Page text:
BWW CD Review: With AQUI Florencia Cuenca Lets Listeners Know She Is Here To Stay
You know that friend you have that is obsessed with non-English cast albums of Broadway shows? Everyone with an interest in musical theater has one. Mine was Steve Lovett and he would regularly give me audio cassettes for Christmas, birthdays, or any random occasion that he came across something he loved and thought I might like. I still have my German She Loves Me, a Japanese Phantom of the Opera, and a Swedish Chitty Chitty Bang Bang (he collected movie soundtracks, as well). Steve's passion for these record albums (eventually CDS) led to a music collection of vocalists from around the world and together we would compare notes on favorite albums by Mireille Mathieu, Claudine Longet, Luis Miguel and Wing, who he was especially excited to introduce me to. Sadly, Steve died a few years ago, but if he were alive today I would have sent him a copy of Florencia Cuenca's AQUI the moment I heard it, and I know he would have loved it.
Florencia Cuenca is a Mexican actress with a propensity for musical theater and a nightclub singer with a skill for jazz, so her CD of show tunes has been arranged to go hand in hand with her abilities at jazz styling. Aqui is sung completely in Ms. Cuenca's native tongue and one of the most fun aspects of enjoying the album is turning it on and walking away, letting it play as you go about your day, one surprise after another washing over you. Naturally, one could read the song list and if one knows a little Spanish it isn't difficult to figure out what songs will be heard on the hour-long musical journey -- but where's the fun in that? This is, indeed, an expedition that Ms. Cuenca and her music producer/director Jaime Lozano have painstakingly arranged to provide maximum music listening enjoyment, and part of it is the Easter Egg-like experience of discovering what famous Broadway melody is going to be found in all of the masterful jazz arrangements and gorgeous Spanish vernacular. So, why ruin it for yourself by doing research? Hit play, relax and let Florencia and Jaime take you on a magical, mystical journey of Broadway music.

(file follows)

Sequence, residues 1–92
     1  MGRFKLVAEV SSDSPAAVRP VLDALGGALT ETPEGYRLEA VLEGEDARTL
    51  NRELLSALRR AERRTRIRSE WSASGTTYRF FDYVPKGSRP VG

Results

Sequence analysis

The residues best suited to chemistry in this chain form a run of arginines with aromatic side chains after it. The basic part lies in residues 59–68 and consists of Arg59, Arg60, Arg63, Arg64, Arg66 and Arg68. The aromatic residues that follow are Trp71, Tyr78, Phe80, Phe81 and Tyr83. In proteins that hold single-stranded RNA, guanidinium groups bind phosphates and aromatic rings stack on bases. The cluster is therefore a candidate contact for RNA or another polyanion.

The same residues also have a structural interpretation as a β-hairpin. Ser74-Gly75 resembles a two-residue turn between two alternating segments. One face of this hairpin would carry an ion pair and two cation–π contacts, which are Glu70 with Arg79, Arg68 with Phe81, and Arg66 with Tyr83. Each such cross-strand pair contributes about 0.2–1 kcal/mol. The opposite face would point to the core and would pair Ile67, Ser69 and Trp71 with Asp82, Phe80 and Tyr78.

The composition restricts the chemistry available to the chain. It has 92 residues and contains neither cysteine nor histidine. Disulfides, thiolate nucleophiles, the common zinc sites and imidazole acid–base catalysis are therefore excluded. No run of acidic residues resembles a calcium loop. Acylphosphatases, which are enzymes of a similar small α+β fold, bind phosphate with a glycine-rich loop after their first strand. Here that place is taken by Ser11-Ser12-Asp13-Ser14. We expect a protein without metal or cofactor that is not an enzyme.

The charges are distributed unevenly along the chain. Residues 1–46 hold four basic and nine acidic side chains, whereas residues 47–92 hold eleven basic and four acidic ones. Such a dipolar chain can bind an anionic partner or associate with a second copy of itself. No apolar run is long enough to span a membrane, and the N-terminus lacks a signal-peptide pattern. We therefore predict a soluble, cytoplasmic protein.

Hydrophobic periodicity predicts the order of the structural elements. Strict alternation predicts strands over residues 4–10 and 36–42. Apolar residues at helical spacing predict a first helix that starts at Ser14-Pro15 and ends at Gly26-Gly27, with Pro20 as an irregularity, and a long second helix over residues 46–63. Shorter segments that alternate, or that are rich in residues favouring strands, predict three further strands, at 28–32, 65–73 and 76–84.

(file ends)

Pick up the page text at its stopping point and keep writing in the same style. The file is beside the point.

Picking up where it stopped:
To that end, this writer will not be naming one song from AQUI in this write-up - that is, I will not be using their English-language titles because it would spoil the fun. What can be said is that fans of Cole Porter will find the opening number "Solo Un Desliz" to be an appropriately festive way to kick off the proceedings, boldly stating that this is a jazz cd with its original treatment replete with horns, drums and piano solos worthy of a set at Birdland. Fans of Mister Stephen Schwartz will be happy to know that their boy is represented twice on this album, both times magnificently, with Ms. Cuenca bringing her individuality to melodies known and beloved, oft-performed by singing actors, but never quite like this before. Florencia Cuenca infuses that individuality into every number, and not just because of her background in jazz or the inherent flair that is obviously present when a Latinx performer takes on a piece of music, but because Ms. Cuenca was born with a voice rich with alto tones that she controls and maneuvers inside of the notes written and the notes orchestrated, a control only to be achieved through years of meticulous study and practice. Like a proper musical theater actress, Cuenca has a great belt, but as a skilled jazz singer, she has an ability to find nuances that turn a tune you thought you knew into a new adventure you'll want to take again and again. Particularly moving are Ms. Cuenca's impassioned "Mi Vida" and tender "En Domingo Dila," the former overflowing with the requisite drama of Wildhorn and the latter loaded with the wistful heartbreak of a ballad by Sir Andrew.
No album of show music would be complete without a Sondheim song and co-arrangers Jesus Altamiro and Lozano delicately showcase the jazz orchestrations on "Loca al Pensar" so that Florencia can do her work as an actress, paying the legendary song and composer the respect they deserve through a performance that can only be described as pitch-perfect. It's a moment in an album that brings great satisfaction at every turn, with the highlights for this writer being three personal favorites, "Tengo Amor," "Era Algo Mas" and the title track "Aqui," all of which were a complete surprise, and an absolute joy, especially some unexpected high notes on Jason Robert Brown's "Era Algo Mas" that seemed to come out of a magic drawer that Florencia Cuenco only opens on special occasions.
Those high notes may have been unexpected, but not the pleasurable experience of the CD Aqui. Take it from this Friend Of Steve (Lovett) - when it comes to non-English vocalist albums of Broadway music, Aqui is a recording full of unique qualities and musical exploits where jazz and musical theater lovers will discover new ways to enjoy old favorites ... and maybe a new favorite in Florencia Cuenca.
I know I have.